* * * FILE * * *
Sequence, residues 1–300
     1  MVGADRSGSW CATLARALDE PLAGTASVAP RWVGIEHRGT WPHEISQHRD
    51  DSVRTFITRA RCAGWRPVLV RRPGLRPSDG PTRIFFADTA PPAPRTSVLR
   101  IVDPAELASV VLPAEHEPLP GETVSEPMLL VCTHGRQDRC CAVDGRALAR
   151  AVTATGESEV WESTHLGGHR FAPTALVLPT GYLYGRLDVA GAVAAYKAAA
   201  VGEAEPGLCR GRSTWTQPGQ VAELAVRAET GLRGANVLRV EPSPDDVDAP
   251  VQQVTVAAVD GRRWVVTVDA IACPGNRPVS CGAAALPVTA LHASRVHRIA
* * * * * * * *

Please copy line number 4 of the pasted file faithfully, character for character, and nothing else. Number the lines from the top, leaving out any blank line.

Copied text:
   101  IVDPAELASV VLPAEHEPLP GETVSEPMLL VCTHGRQDRC CAVDGRALAR